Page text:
The law of nations and the balance of power: the influence of European thought on the founding fathers
Lang, Daniel George, Woodrow Wilson Department of Government and Foregin Affairs, University of Virginia
Thompson, Kenneth W., Woodrow Wilson Government and Foreign Affairs Department, University of Virginia
Claude, Inis L., Woodrow Wilson Government and Foreign Affairs Department, University of Virginia
Many writers have described the influence of seventeenth and eighteenth century European political ideas on the thought of the founders of the American republic, but few have specifically discussed the impact of the new science of international law and politics which developed during this period. This dissertation examines the nature of this science and its influence on the American founders as they made and debated American foreign policy.
The first part of the dissertation explores the development of this body of thought as a reaction to religious warfare and to the threat of universal monarchy. Thus, jurists like Vitoria, Grotius, Wolff, and Pufendorf shifted traditional just-war criteria from a religious to a natural rights base; similarly political theorists like Montesquieu and Hume defended the emerging balance of power system in Europe as an alternative preferable to universal monarchy. The Swiss diplomat Emmerich de Vattel brought both themes together in his work, The Law of Nations, which combined the universalism and categories of the just-war tradition with aspects of modern natural rights theory and praise for the European balance of power system, making a new synthesis.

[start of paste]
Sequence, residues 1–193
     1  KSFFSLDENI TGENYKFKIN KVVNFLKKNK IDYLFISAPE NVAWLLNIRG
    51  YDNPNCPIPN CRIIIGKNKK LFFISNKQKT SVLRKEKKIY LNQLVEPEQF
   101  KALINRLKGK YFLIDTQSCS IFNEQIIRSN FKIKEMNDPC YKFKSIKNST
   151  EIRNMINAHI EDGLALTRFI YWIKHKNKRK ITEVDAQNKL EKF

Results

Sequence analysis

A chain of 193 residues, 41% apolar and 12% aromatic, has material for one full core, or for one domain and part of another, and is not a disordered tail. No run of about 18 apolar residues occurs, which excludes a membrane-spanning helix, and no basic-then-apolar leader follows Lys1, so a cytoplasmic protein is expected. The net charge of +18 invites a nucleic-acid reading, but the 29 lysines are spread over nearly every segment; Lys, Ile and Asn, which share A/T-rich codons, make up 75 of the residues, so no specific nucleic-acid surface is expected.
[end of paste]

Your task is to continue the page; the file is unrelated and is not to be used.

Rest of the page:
The second part of the dissertation describes the context in which American diplomacy worked in the 1780's and 1790's, the interests which that diplomacy defended, and the arguments which American leaders advanced in making their claims. It shows that these men regularly drew on Vattel and the other writers on the law of nations and it demonstrates that they understood the operation of the balance of power. Alexander Hamilton is shown to have relied on the conservative nature of the law of nations to defend policy which sought to minimize conflict with Great Britain. On the other hand Thomas Jefferson and James Madison tried to enlarge the scope of the law of nations by taking advantage of the rivalry of Great Britain and France.
The final chapter outlines some of the factors which brought the "Age of Vattel" to a close with World War I, not the least of which were the criticisms of Woodrow Wilson, who attempted to re-work traditional American foreign policy themes into a vision of a new international order.
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PHD (Doctor of Philosophy)
United States, Foreign relations, 1775-1783, 1783-1815
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